We’re making progress, but we’ve got a long way to go. We are trying to collect 1,000 new or gently used rolling suitcases and backpacks to be gifted to our homeless Denver neighbors on Christmas Day in Civic Center Park.
These rolling suitcases and backpacks are absolutely essential to the survival of our Denver residents who have no place to live through the cold winter months. Without this semi-safe and mobile place to protect their few warm belongings, they won’t live to see spring. Sorry for the drama, but it truly is a life or death situation.
Despite your best efforts and intentions, does the commercial side of Christmas overwhelm what it is really all about year after year? Are you worried that your kids are too focused on what they will get for Christmas, and they don’t have a passion for giving? For years, Sheri and I relied on increased bakery sales at Christmastime to make our business successful for the year. It nearly ruined Christmas for us. We didn’t make enough time to show our kids what Christmas is supposed to be all about. But we found the solution, and we want to share it with you.
The weather this week is inconvenient for those of us with warm homes and reliable transportation. Just imagine if that inconvenience was suddenly a brutal, life-threatening disaster that required all of your effort just to survive. How could you make money in those conditions? How could you possibly learn and grow?
Remember back when we got to know each other, you and us? It was that bakery that brought us together, but we took it from there, didn’t we? We shared a piece of each other’s lives. We talked about the weather, our kids, things going on in the neighborhood. We became friends over the years, and I don’t honestly think the bread had much of anything to do with our fondness for you. The bread was an excuse. The connection was from shared ideas and mutual respect.
Emily is a Certified Nursing Assistant with a good job and stable housing where she lives with her four kids under the age of six-years-old. The older children have settled in nicely to the new school year, and their path to a Denver Public Schools K-12 education is off to a great start. Without the intervention and assistance of the DPS Homeless Education Network, this story would have had a very different, likely tragic, ending.
When I admitted to myself and my wife that I was a high-functioning alcoholic, I was filled with shame about my lack of control over my drinking and the damage I had done to our relationship. Do you want to know what was even more shameful for me in early sobriety? Being the only non-drinker in our alcohol-soaked society.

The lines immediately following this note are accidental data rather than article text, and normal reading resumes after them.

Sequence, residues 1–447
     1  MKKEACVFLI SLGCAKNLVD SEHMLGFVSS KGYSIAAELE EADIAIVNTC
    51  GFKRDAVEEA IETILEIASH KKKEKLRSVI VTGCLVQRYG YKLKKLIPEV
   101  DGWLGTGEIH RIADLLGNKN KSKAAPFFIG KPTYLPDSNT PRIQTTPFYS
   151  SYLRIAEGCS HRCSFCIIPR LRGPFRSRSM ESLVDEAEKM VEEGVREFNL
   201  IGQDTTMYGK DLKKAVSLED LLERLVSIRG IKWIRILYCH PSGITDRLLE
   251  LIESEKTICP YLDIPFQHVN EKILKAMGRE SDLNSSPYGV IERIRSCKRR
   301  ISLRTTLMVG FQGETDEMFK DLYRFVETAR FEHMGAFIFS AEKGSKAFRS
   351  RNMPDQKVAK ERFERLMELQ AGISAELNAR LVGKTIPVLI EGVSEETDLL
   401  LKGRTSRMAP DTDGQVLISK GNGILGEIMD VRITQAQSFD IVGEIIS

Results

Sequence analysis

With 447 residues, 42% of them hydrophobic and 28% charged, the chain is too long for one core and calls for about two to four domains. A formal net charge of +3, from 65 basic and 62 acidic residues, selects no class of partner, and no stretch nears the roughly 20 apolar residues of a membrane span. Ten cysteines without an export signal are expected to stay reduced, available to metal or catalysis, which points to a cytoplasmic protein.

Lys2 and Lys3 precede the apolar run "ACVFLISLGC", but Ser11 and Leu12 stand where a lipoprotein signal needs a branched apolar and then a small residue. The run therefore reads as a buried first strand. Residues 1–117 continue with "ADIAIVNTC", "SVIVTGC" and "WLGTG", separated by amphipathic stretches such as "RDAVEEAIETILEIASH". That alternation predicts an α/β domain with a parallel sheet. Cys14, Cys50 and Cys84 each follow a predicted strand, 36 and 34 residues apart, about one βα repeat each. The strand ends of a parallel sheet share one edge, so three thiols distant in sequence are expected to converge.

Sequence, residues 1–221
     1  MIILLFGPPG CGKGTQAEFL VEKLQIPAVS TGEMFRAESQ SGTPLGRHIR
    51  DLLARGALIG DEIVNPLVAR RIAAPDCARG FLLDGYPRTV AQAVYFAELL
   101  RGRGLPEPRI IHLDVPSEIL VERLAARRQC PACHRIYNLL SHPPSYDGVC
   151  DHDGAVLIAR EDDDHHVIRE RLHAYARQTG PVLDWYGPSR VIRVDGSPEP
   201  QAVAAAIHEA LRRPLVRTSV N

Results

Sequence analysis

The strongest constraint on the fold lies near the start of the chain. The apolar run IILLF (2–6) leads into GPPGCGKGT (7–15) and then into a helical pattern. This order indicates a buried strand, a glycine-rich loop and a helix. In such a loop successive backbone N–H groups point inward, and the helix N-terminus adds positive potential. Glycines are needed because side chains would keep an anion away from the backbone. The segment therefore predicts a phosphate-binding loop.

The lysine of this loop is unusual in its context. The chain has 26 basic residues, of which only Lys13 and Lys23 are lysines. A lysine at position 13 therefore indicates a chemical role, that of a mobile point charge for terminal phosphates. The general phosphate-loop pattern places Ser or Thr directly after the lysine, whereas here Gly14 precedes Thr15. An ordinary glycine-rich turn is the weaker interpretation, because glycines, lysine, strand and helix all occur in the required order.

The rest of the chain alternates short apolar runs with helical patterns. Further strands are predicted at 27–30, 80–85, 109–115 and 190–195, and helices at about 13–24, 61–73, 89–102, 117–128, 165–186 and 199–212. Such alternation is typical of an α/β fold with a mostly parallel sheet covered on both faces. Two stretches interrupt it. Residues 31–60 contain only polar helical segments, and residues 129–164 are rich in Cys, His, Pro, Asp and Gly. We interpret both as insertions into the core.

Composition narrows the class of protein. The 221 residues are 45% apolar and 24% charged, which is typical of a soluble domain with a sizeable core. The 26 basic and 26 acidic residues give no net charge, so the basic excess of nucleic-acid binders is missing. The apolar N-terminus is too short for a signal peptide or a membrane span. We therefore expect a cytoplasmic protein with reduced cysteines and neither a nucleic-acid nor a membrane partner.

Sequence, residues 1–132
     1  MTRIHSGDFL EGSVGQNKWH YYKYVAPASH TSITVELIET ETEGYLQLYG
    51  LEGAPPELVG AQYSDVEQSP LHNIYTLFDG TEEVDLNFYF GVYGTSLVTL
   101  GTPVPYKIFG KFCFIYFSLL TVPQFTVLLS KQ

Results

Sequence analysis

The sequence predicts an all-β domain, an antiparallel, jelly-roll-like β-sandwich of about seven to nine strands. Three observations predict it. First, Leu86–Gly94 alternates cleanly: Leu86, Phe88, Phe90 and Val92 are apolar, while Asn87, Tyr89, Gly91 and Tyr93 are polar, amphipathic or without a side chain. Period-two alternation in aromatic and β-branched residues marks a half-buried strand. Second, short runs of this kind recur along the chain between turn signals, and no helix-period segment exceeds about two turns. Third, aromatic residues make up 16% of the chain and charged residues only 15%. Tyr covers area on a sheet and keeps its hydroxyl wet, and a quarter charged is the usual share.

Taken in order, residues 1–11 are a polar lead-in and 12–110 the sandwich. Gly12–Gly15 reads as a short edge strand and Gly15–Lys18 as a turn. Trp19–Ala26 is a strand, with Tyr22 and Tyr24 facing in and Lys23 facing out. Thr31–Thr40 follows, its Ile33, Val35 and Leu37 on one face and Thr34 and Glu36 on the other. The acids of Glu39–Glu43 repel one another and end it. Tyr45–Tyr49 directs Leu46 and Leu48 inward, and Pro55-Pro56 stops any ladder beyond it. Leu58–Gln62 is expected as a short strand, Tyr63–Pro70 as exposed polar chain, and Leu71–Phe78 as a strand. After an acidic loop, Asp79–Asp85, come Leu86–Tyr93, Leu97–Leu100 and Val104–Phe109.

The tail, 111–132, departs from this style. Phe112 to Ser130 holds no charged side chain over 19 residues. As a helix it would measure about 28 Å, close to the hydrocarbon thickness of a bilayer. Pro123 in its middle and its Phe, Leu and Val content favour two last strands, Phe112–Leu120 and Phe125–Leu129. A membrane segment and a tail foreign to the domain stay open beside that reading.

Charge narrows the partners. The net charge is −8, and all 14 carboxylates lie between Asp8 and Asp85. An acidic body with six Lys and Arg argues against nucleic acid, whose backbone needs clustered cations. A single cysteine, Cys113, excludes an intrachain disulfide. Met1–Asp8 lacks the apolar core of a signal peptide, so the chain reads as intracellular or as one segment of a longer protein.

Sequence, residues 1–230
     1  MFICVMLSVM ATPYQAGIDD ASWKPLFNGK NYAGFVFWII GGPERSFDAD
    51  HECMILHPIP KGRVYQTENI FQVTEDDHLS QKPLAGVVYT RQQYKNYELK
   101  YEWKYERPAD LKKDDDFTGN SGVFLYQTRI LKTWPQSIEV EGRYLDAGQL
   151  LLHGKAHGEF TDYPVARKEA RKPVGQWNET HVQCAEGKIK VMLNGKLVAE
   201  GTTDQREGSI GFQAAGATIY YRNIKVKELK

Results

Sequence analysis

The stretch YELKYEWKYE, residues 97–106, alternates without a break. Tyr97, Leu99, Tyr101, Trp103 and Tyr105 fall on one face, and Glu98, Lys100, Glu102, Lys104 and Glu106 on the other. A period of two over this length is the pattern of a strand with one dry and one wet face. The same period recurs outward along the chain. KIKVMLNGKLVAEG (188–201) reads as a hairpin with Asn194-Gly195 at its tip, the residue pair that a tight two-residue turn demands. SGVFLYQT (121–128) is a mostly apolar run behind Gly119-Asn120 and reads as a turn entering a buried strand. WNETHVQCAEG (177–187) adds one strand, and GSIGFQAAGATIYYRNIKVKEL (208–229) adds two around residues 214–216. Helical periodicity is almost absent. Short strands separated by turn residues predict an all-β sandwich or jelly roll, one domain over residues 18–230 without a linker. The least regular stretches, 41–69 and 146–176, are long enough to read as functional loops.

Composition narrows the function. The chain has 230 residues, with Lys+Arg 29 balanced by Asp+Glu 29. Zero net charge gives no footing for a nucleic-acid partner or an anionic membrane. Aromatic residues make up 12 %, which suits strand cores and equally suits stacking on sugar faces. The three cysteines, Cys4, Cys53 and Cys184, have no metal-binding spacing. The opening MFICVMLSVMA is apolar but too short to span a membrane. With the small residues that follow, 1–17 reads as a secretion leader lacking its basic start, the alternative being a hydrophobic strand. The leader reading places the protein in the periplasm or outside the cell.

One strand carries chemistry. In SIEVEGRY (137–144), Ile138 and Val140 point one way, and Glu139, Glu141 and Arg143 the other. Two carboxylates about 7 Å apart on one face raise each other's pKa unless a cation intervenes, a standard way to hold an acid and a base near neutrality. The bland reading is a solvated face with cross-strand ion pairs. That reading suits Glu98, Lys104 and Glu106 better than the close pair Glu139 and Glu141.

Gaining my permanent sobriety was the hardest thing I’ll likely ever do. The physical cravings were, frankly, easy to beat. Not drinking in a culture that worships alcohol, however, was gruelling and intensely painful. The stigma associated with alcoholism is the number one barrier to people finding relief in recovery.
School has started, routines are reestablished, teaching and learning are happening and kids are battling hunger to get from Friday to Monday. Three of these four things are optimal. But hunger in a country with such excess food is appalling. Let’s not stand for it!
Thank you to the many donors to our Backpacks that Nourish program we launched last week. Your generosity got us to about 30% of our initial fundraising goal, and we have put operations into motion. We have identified four elementary schools in Southeast Denver with homeless and free & reduced lunch program populations who will benefit from your generosity.
But 30% leaves a long way to go. We will run out of funding just as winter hits and the kiddos need our help the most. Please consider helping us send backpacks full of food home with Denver Public School students in need every friday to help them get through the weekend and back to school where they receive two nutritious meals per day.
For most of us, Monday morning means a reluctant return to the grind. For Elouisa, a return to the routine of school brings with it a sort of welcome relief. She loves her family, but times are tough and there isn’t enough food for her and her siblings to eat. She has learned to get a few hours of sleep at night in spite of her grumbling tummy. But the school week means at least two meals a day, and the consistency and relief brings Elouisa a great deal of comfort.
Unfortunately, Elouisa is not alone. Nearly one in every seven kids in Colorado face food insecurity. Denver Public Schools has become a bastion of hope, not just educationally, but to meet the enormous and growing needs to nourish our children with free breakfast and lunch for kiddos in need.
But what about the weekends? How will Elouisa and the thousands of DPS kids just like her fill the gaps in available food to make it until Monday morning?
Do you remember us – Matt Salis and my wife, Sheri? We used to bake your 100% whole grain bread…sound familiar? We’re back, and we hope you’ll continue to help us serve our community.
There were really two main components to the life of our bakery. We baked and you ate over a million loaves of bread. Sadly, that part isn’t coming back. But the other part of what we did together, you and us, the part where we made an impact in our community, that part is alive and well. We hope you’ll join us again and continue forward in service to our neighbors who need us the most.
Introducing: Stigma – our non-profit on a mission to help those among us who suffer from homelessness, poverty, addiction and other stigmatized conditions. Our first two initiatives are in support of kiddos in our Denver Public Schools system who work to survive homelessness and poverty while they try to get an education and break the cycle moving toward a better future. Together, we have raised over $53,000 for homeless students in past years. And that really has nothing to do with bread, so let’s keep the love flowing.